NEW DELHI, August 24, 2016: The Union Cabinet chaired by the Prime Minister Shri Narendra Modi has given its approval for signing of new Air Services Agreement (ASA) between India and Fiji.
The Agreement is for updating of the existing Air Services Agreement (ASA) between the two countries which was signed on 28th January 1974. The update is as per latest ICAO template keeping in view the latest developments in the civil aviation sector and with an objective to improve the air connectivity between the two countries.
A draft text of Air Service Agreement has been finalized in consultation with Ministry of Law & Justice (Department of Legal Affairs), Ministry of Finance (Department of Economic Affairs, Department of Revenue), Ministry of External Affairs, Department of Commerce and Ministry of Tourism.
The essential features of the Air Services Agreement are as follows:
i. Both countries shall be entitled to designate one or more airline.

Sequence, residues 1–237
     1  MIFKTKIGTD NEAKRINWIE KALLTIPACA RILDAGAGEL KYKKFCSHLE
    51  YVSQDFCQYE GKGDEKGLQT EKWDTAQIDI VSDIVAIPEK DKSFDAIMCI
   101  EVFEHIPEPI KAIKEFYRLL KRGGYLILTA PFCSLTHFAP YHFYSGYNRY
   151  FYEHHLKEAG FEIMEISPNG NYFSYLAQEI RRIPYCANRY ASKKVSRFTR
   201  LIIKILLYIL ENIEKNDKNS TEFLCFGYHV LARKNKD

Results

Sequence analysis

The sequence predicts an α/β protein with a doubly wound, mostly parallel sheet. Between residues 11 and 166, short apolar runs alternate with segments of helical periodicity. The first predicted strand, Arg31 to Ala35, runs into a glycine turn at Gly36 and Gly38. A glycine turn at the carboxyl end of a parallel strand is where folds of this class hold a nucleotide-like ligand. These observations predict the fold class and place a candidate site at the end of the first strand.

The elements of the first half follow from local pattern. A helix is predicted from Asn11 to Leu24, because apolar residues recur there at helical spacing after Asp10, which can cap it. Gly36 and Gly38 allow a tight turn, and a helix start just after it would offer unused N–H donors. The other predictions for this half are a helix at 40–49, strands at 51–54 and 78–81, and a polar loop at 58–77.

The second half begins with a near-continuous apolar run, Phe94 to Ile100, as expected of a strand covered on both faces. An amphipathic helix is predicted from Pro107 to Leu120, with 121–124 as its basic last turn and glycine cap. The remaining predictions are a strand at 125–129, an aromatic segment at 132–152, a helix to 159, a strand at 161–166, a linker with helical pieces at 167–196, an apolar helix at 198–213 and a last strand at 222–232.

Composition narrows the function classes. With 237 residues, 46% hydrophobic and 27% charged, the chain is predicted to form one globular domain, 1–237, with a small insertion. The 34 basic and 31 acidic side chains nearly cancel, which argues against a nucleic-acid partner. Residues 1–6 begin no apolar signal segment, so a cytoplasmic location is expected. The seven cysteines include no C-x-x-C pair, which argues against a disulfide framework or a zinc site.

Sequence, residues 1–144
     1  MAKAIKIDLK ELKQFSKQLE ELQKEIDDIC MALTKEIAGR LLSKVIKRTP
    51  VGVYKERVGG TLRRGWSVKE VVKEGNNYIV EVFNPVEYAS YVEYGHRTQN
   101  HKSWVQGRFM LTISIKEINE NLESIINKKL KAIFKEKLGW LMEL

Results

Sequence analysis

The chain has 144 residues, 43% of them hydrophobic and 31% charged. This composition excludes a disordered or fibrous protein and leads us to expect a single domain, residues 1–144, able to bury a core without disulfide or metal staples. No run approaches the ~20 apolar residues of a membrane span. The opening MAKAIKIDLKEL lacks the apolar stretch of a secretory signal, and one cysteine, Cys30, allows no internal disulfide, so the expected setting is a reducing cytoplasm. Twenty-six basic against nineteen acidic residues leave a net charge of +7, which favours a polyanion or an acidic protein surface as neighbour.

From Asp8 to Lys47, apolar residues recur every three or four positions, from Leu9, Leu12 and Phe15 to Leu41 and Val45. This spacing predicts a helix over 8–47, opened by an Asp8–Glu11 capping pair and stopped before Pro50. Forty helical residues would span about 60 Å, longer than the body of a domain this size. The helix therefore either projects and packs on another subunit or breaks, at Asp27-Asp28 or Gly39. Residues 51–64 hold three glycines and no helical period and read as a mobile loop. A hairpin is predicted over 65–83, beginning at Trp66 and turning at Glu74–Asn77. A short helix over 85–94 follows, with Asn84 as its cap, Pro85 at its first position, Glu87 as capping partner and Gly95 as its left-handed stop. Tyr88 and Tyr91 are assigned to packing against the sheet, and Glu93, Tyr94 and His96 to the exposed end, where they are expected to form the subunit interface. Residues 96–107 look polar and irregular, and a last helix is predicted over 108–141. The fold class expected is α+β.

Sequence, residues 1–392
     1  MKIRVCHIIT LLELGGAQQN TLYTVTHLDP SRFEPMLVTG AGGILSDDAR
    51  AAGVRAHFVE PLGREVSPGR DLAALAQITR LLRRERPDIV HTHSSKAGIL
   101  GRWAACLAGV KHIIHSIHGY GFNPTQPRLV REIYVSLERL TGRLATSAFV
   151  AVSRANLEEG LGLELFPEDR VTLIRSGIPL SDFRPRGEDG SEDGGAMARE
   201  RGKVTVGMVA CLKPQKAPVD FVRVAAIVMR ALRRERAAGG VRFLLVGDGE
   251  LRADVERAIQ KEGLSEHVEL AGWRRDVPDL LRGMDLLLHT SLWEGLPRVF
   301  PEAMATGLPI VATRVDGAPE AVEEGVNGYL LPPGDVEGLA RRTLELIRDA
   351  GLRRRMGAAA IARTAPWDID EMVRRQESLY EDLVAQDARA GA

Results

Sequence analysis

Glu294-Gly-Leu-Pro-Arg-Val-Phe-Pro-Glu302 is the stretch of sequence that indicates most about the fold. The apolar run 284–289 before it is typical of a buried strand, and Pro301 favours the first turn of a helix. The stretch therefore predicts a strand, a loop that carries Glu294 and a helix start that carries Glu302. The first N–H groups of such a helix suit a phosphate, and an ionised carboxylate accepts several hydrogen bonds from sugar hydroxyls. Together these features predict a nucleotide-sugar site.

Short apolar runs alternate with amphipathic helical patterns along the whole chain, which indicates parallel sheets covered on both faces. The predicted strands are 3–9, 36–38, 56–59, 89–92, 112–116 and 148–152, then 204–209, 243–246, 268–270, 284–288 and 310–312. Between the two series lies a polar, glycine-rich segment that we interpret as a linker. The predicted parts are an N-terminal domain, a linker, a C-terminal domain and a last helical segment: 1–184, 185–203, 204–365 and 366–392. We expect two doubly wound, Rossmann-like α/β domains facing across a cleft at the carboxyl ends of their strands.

ii. The designated airlines of either country shall have the right to establish offices in the territory of the other country for the promotion and sale of air services.
iii. The designated airlines of the two countries shall have fair and equal opportunity to operate the agreed services on specified routes. The routes and frequencies shall be decided subsequently.
iv. The designated airline will be free to decide tariffs in respect of the agreed services at reasonable levels based on the commercial considerations.
v. The designated Airline of each party can enter into cooperative marketing arrangements with the designated carriers of the same party and another party.
vi. Apart from the above, the ASA also has the provisions relating to Revocation or Suspension of Operating Authorization, Principles governing operations of agreed services, commercial opportunities, safety related clause etc. that were incorporated in the line of Indian model ASA.
vii. The existing Route Schedule annex to the ASA has also been revised and new points of call have been added for enhanced connectivity. Now Indian carriers can operate to any points in Fiji from points in India whereas the carriers of Fiji can establish a direct operation to Delhi, Mumbai and Chennai in India and by code share with Indian carriers to Bangalore, Kolkata, Hyderabad apart from points given for direct operation. Besides this, Kochi, Varanasi, Ahmedabad and Amritsar may be served through domestic code-share operations.